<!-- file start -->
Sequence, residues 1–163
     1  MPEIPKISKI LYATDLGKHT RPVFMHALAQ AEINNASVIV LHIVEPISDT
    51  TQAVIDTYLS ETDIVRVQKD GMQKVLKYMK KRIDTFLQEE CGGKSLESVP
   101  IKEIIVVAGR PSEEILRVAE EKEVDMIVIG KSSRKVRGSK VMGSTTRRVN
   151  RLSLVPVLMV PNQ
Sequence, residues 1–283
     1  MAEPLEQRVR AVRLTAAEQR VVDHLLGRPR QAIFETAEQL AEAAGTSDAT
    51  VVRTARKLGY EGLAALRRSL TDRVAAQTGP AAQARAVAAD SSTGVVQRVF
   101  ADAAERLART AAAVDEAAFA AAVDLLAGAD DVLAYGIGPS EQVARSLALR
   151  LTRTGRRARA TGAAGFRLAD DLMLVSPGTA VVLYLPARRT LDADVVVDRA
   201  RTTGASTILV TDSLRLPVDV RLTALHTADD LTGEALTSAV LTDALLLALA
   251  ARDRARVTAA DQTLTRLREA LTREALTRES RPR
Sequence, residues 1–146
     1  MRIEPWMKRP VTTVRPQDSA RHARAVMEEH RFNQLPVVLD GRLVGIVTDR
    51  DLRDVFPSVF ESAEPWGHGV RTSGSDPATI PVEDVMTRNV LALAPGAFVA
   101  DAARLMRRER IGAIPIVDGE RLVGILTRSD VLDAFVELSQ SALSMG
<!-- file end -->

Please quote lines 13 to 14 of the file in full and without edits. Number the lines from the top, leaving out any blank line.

Sequence, residues 1–146
     1  MRIEPWMKRP VTTVRPQDSA RHARAVMEEH RFNQLPVVLD GRLVGIVTDR